I used to do my devotions in the morning. Before the rat race of another work day began, it was so nice to sit with the Lord, the quiet, and a cup of coffee. I loved it. I needed it. I looked forward to it.
Then we had kids.
And I’ll admit it: for a long time, I simply had no time or energy for devotionals. At all. Nothing. And my spiritual life suffered. I spent less and less time praying and more and more time complaining that I didn’t have time to pray. And it took a really, really long time for me to realize that I could carve out time in the evenings to be with God, read Scripture, and pray.
A current routine of mine is to read my daily passages (usually 2 OT and 2 NT) and then spend a few minutes praying the Lord’s Prayer alongside those readings. Few passages are as overly familiar to me as the Lord’s Prayer. And although I believe these words of Jesus are never devoid of their power regardless of the energy or passion I may bring to them, I nevertheless cherish anything that can make these familiar words speak to my heart in a fresh way. Now I don’t know how long this particular discipline will stick around but it’s been incredibly beneficial for this season of my prayer life. Sometimes we incorporate disciplines that we know need to be with us for life (like sabbath); other times, the Lord gifts us with a little something that’s meant to carry us through a particular season in our lives.
So for example, one of tonight’s NT passages was from 1 Corinthians 15, when Paul is arguing about the utter necessity of believing in the resurrection. And I took a moment to pray “For Thine is the kingdom, the power, and the glory, forever and ever” through the lens of this particular Corinthians passage. In other words, what does the truth of the resurrection have to say about God’s kingdom and power and glory?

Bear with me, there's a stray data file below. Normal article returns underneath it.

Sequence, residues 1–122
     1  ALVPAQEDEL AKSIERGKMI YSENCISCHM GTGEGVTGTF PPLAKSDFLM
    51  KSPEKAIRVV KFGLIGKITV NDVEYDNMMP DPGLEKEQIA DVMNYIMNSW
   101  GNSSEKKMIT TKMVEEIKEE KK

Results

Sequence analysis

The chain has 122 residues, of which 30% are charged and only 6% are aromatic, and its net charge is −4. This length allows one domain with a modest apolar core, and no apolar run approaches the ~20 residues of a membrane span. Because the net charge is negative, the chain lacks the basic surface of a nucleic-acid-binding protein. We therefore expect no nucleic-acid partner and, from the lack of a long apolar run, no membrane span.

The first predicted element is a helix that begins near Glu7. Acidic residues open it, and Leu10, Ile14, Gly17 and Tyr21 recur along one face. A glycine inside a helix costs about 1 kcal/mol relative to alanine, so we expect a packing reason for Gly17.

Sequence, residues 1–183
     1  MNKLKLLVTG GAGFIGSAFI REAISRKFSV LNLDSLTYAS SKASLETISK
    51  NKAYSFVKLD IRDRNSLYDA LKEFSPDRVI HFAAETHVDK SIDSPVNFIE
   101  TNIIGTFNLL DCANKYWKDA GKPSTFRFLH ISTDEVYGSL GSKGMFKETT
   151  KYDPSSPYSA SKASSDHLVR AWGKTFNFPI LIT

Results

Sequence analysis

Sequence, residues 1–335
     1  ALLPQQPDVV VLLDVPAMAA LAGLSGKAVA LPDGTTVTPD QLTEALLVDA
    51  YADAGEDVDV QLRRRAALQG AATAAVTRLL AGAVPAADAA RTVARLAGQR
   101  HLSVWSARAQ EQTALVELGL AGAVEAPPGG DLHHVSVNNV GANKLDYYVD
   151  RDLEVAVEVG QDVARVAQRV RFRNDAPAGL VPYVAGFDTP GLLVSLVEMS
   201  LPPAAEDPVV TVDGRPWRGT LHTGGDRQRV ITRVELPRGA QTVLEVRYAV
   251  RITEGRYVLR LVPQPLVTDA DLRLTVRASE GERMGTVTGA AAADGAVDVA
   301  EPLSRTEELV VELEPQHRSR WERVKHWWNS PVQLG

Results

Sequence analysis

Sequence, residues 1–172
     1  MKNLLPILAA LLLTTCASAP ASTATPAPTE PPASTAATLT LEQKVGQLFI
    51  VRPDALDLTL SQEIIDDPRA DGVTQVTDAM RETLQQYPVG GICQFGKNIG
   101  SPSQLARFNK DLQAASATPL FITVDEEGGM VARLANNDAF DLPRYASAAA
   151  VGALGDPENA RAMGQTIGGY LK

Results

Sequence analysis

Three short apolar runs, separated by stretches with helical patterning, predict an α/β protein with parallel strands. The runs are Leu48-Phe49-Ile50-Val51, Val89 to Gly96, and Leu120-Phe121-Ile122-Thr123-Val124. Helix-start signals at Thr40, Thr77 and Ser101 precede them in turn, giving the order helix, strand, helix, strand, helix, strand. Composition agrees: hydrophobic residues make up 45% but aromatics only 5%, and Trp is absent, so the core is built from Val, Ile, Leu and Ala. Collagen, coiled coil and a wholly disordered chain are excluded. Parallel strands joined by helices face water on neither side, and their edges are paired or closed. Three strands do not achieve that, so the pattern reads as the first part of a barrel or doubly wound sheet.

Here’s what I came up with:
Kingdom — A kingdom needs subjects. Seems obvious enough. What good is a kingdom if all its subjects are dead? The resurrection (both of Jesus and then one day of us, Jesus’ followers) is a necessary component to any assertion about God having a kingdom.
Power — Obviously resurrection requires great power, for we are powerless when it comes to death. How can mortals overcome death? The resurrection showcases God’s awesome and unprecedented and unequaled power.
Glory — But more than just a show of power, resurrection is also about God’s glory. Bringing forth life from death gives glory to God. Redeeming and restoring that which has been lost to sin and death is glorious. The Lord glories in the glorified body of His Son, Jesus.
So the resurrection– both of Christ (“the firstfruits of those who have fallen asleep,” 1 Cor 15:20) and eventually of us, Christ’s followers (those who will/have already fallen asleep)– is absolutely central to establishing God’s kingdom, power, and glory, forever and ever, amen.